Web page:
Does sampling without replacement introduce bias?

If you have a finite population, does sampling without replacement give you biased samples?

• It depends on what you mean by biased: biased with respect to what? Among other things, it depends on what you want to use the sample for.
– Jim
Sep 13, 2016 at 15:32

2 Answers

This depends on what you mean by bias.

Consider a uniform distribution over a population $\{x_1, \dots, x_n\}$, with population mean $\mu := \frac1n \sum_{i=1}^n x_i$.

Let $X_1, \dots, X_m$ be random variables representing each sample without replacement. Then:

• $\DeclareMathOperator{\E}{\mathbb E}\E[X_1] = \mu$, since $X_1$ is just a random sample from the population.
• The conditional expectation $\E[X_2 \mid X_1 = x_j]$ is $$\frac{1}{n-1} \sum_{i \ne j} x_i = \frac{n}{n-1} \mu - \frac{1}{n-1} x_j,$$ which is in general not the same as $\mu$, so $X_2 \mid X_1$ is a biased estimator for $\mu$.
• The unconditional expectation $\E[X_2]$ is \begin{align} \E_{X_1}[ \E[X_2 \mid X_1] ] &= \E_{X_1}\left[ \frac{n}{n-1} \mu - \frac{1}{n-1} X_1 \right] \\&= \frac{n}{n-1} \mu - \frac{1}{n-1} \E X_1 \\&= \frac{n}{n-1} \mu - \frac{1}{n-1} \mu \\&= \mu ,\end{align} so the marginal expectation of $X_2$ is the same as the marginal expectation of $X_1$, and it is thus unbiased in that sense.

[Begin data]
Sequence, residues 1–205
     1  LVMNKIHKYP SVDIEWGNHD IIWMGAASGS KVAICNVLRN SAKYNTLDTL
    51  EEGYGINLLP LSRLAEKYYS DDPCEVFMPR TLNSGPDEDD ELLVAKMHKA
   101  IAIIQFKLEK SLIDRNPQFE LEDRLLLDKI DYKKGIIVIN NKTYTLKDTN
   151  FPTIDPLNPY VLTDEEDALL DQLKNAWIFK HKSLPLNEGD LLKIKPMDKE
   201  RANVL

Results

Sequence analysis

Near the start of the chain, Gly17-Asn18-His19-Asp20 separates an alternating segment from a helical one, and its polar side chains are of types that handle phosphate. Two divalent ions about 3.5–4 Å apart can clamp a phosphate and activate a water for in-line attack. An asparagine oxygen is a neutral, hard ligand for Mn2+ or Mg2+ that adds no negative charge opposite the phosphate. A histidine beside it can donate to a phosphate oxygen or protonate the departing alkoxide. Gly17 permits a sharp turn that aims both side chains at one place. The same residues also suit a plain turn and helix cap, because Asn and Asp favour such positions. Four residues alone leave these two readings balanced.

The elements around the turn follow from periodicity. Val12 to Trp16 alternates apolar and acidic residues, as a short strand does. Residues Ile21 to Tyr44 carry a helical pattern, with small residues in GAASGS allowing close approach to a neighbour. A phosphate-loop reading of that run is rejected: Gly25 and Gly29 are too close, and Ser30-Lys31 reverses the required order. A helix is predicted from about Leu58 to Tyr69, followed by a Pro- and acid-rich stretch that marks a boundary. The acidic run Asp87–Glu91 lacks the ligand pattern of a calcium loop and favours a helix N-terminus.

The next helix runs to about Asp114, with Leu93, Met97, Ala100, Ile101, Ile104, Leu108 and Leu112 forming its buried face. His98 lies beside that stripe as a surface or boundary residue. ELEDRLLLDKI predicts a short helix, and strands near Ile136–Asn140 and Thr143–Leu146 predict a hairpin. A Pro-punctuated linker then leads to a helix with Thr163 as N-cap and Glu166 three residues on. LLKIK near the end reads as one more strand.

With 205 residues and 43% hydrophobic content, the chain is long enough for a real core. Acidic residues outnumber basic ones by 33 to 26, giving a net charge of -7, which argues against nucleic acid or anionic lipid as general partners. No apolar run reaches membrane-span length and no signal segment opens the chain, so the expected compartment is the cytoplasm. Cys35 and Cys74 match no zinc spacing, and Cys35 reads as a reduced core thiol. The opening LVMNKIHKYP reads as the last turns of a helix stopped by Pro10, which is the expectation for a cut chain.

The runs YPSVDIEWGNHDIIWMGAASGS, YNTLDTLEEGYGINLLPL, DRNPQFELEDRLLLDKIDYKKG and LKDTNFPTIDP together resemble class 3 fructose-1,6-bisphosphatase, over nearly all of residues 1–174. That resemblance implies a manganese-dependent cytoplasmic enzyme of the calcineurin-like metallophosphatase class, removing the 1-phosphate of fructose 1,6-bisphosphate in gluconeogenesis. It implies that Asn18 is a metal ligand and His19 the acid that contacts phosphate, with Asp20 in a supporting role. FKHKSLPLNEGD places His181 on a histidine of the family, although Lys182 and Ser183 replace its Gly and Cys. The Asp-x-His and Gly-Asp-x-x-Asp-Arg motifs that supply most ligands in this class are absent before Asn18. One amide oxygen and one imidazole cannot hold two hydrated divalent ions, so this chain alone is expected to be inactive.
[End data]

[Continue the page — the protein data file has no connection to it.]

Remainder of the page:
• In fact, the marginal distribution of $X_2$ is the same as the distribution of $X_1$: \begin{align} \Pr\left( X_2 = x \right) &= \sum_{x'} \Pr\left( X_1 = x' \right) \Pr\left( X_2 = x \mid X_1 = x' \right) \\&= \sum_{x'} \frac{1}{n} \begin{cases}\frac{1}{n-1} & x \ne x' \\ 0 & x = x'\end{cases} \\&= (n-1) \frac1n \frac{1}{n-1} + (1) \frac1n (0) \\&= \frac1n .\end{align}
• The same argument is also true for $X_3, \dots, X_n$; you can see this either by summing over all the intermediate terms or by induction.
• Just a note for posterity that this is closely related to sampling without replacement being exchangeable. Nov 30, 2020 at 19:45

Sampling the same number of rows as your full dataset without replacement is nothing more than reshuffling the order of the data. Sampling without replacement a small subset is like taking a random draw from the data, again that does not introduce bias.